Rhubarb is also a great source of vitamin K and calcium which are both involved in blood clotting, bone and teeth health and maintaining a healthy heart. Furthermore, rhubarb contains the antioxidant phenolic acid, which supports healthy skin and protects your body from free radical damage.
Around two heaped tbsp's of cooked rhubarb counts as one portion of your 5 a day, which you could easily get from a portion of rhubarb crumble, even more of a good reason to eat dessert!
However, everything in moderation - although rhubarb is naturally low in calories it requires the addition of sugar to become palatable, therefore you may want to be mindful of your sugar intake for the rest of the day
Rhubarb also lends itself really well to boozy drinks - infuse it to make rhubarb gin, or make a rhubarb syrup with which you can create a beautiful bellini!
London-based Italian private and restaurant chef Fabrizio Ricotta has written this delicious recipe exclusively for Cook Eat Discover. He says many of his countrymen underrate or are even unaware of rhubarb, but he wanted to champion the fruit by putting together this stunning tart.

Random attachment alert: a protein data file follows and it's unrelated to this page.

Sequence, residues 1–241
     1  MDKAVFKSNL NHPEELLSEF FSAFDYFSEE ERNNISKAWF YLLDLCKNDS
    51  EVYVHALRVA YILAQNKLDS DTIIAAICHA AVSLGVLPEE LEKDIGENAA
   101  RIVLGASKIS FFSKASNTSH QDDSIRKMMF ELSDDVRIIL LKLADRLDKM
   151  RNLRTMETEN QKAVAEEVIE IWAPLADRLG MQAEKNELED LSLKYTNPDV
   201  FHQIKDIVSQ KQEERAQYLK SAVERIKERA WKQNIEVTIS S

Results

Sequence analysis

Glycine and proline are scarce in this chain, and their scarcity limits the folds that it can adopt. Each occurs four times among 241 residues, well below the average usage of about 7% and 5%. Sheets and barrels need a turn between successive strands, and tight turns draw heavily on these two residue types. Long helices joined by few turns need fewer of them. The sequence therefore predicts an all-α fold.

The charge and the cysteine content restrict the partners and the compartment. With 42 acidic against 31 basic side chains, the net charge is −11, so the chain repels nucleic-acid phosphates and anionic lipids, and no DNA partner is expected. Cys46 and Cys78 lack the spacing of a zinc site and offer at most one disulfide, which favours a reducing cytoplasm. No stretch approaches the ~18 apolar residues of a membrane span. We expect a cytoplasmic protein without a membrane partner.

While it looks complex, the recipe is made up of just three main components - shortcrust pastry, which is filled with the creme patissiere (pastry cream - a custard thickened with flour), and topped with baked rhubarb.
Don't be put off if you don't want to make the pastry, you can buy a pastry sheet in the shops. The recipe explains how to make diamond shaped rhubarb pieces to create a pattern like Fabrizio has made - if you would rather keep it simple you can lay the rhubarb on the top of the tart in any way, in any sized pieces - it's up to you.
For the shortcrust pastry:
2 large eggs
100g icing sugar
250g 00 (double zero) flour
125g butter, diced and at room temperature
1 pinch of salt
Zest of half an orange
For the vanilla pastry cream (Creme Patissiere):
500ml whole milk
2 egg yolks
100g sugar50g flour 00
10 ml vanilla essence
For the baked rhubarb:
8-10 stalks of rhubarb,all roughly the same width
Juice of 1 orange